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I would like to have each QPixmap derived object at the wanted size upon creation. Let's say I have this fictional class:

#pragma once
#include <QPixmap>

#include <QString>

class MyPixmap : public QPixmap
{
public:
    enum class Size { icon, veryVerySmall, medium, large };
    static int toInt(Size size);

    MyPixmap (QString fileName, Size size);
    const QString& getPath();
private:
    QString m_fileName; //
    Size m_size;
};
#include "MyPixmap.h"
#include "MyGraphicsScene.h"

int MyPixmap::toInt(Size size)
{
    switch (size)
    {
    case MyPixmap::Size::icon:
        return 20;
    case MyPixmap::Size::veryVerySmall:
        return MyGraphicsScene::size / 20;
    case MyPixmap::Size::medium:
        return MyGraphicsScene::size / 32;
    case MyPixmap::Size::large:
        return MyGraphicsScene::size / 40;
    default:
        throw std::exception{ "Unreachable code reached" };
    }
}

MyPixmap::MyPixmap(QString fileName, Size /* size*/)
    :
    m_fileName{ fileName }
{
    load("PATH/TO/FOLDER/" + fileName + ".png");
    // scaled(size, size);
}

const QString& MyPixmap::getPath()
{
    return m_piece;
}

So I could execute this code:

#include "MyPixmap.h"

int main()
{
   MyPixmap myPixmap{ "Butterfly", MyPixmap::Size::veryVerySmall };
   // pass myPixmap to various functions and objects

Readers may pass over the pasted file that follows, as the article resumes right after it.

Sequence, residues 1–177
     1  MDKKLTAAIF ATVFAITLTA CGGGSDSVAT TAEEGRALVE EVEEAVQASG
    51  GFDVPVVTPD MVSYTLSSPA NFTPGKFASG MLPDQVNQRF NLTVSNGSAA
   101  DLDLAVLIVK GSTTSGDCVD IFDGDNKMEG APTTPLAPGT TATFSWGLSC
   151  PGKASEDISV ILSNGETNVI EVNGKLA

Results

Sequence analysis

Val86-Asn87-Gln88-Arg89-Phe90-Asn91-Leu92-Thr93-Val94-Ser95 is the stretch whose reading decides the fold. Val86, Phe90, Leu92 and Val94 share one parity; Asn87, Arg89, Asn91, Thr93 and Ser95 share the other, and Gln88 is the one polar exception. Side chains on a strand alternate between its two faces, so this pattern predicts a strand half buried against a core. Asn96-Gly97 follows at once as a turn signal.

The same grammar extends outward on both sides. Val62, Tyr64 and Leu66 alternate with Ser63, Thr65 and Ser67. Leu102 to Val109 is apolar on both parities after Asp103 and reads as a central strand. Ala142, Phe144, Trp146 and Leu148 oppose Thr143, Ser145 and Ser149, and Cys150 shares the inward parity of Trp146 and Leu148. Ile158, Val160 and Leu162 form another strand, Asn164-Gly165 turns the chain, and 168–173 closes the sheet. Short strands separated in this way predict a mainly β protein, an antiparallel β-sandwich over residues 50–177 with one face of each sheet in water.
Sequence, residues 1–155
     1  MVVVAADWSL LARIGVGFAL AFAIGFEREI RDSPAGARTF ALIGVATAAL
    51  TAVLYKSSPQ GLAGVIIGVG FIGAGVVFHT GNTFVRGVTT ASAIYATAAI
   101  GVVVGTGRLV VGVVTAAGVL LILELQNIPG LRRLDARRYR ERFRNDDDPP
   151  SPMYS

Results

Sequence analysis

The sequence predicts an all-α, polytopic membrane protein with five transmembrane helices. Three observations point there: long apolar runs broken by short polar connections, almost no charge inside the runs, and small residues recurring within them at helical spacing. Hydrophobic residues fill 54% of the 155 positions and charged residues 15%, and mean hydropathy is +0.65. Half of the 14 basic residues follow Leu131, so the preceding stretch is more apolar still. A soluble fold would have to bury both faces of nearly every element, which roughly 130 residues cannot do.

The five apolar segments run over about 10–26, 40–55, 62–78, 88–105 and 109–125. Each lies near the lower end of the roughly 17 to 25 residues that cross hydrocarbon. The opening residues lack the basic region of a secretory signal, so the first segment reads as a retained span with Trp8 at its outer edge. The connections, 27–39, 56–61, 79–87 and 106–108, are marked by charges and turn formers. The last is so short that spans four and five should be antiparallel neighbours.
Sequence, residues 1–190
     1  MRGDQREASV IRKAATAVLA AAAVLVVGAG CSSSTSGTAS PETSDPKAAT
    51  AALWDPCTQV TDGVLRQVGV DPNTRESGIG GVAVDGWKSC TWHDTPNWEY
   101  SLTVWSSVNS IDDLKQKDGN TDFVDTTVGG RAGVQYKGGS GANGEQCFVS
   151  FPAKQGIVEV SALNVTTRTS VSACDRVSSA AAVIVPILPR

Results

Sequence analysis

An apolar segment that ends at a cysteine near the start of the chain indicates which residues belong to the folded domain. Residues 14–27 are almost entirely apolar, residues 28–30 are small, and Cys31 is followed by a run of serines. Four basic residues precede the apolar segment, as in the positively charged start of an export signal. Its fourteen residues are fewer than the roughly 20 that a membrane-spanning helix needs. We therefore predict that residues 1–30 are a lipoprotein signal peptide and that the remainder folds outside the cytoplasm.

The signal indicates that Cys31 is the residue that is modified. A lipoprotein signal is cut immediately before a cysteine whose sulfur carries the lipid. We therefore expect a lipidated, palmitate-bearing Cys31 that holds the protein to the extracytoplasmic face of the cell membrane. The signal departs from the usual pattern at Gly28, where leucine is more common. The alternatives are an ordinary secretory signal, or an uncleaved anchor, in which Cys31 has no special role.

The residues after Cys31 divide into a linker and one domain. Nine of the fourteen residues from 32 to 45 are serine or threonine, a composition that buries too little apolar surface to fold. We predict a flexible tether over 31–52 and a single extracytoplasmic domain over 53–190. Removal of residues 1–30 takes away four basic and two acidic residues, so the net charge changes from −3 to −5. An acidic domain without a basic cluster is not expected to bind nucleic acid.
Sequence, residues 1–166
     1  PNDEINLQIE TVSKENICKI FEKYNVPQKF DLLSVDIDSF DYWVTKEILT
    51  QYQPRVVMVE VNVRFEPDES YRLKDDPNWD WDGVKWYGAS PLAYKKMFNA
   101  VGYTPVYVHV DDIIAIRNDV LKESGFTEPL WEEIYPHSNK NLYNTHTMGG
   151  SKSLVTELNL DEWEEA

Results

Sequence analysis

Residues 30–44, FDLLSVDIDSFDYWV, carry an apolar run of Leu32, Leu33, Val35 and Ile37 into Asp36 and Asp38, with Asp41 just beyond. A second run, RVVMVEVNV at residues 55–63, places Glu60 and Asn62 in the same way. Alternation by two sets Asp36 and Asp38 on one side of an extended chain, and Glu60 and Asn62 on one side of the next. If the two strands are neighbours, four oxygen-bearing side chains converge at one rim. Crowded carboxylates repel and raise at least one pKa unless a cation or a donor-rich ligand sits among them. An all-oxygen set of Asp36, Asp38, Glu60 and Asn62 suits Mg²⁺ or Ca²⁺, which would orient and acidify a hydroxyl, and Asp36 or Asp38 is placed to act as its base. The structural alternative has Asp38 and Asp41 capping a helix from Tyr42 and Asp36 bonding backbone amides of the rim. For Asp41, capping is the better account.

return 0;
}

Scaling inside the constructor won't work, since scaled is a static function. Alternatively, I could overload QPixamp scaled(), like this:

QPixmap PiecePixmap::scaled()
{
    int intSize{ toInt(m_size) };
    return scaled(intSize, intSize);
}

However, then I'm still not using the actual MyPixmap object.

Is it possible to scale the pixmap inside the class itself, or is overloading scaled as suggested my best shot to force a certain piece to be of internally hardcoded size?

Note: I heavily edited this post, so to see the Monopoly example, check the edit history. The current question code has not been tested, since it's for demonstration-purposes only.

  • 1
    You are probably looking for PiecePixmap::PiecePixmap(QString pawn, int size ) : QPixmap(QPixmap(":/QtMonopoly...").scaled(size, size)) {} – Igor Tandetnik Jul 5 at 15:19
  • Looking at your code I wonder if you really need all that stuff. Which one is true in your case: "A piece IS A pixmap" or "A piece HAS A pixmap"? Think about that. – scopchanov Jul 6 at 1:51
  • Since I would like to encapsulate the sizes, I'm going to stick with that class, which it was meant for after all. Thanks for your opinion. – user12927872 Jul 6 at 16:10
  • @scopchanov, I rewrote the question, but I'm not sure if you understood the previous example. Anyway, the PiecePixmap was used in (for example) the PawnPixmapItem, which is a view class for the Pawn model class and other Model-View classes, only to be a small wrapper around the QPixmap; and PawnPixmapItem has indeed a PiecePixmap, but I understand it wasn't clear what the `PiecePixmap was made for, that's why I generalized the question. Also, one could argue that path-encapsulation and pre-set sizes are still not sufficient to put it in a class indeed. I just saw we misunderstood. – user12927872 Aug 11 at 18:37
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As Igor Tandetnik stated, it's possible to create an immediately scaled pixmap by calling the scaled method and passing its return value to a copy constructor as follows:

MyPixmap::MyPixmap(QString path, int height, int length)
    : QPixmap{ QPixmap{ path }.scaled(size, size) }
{
}
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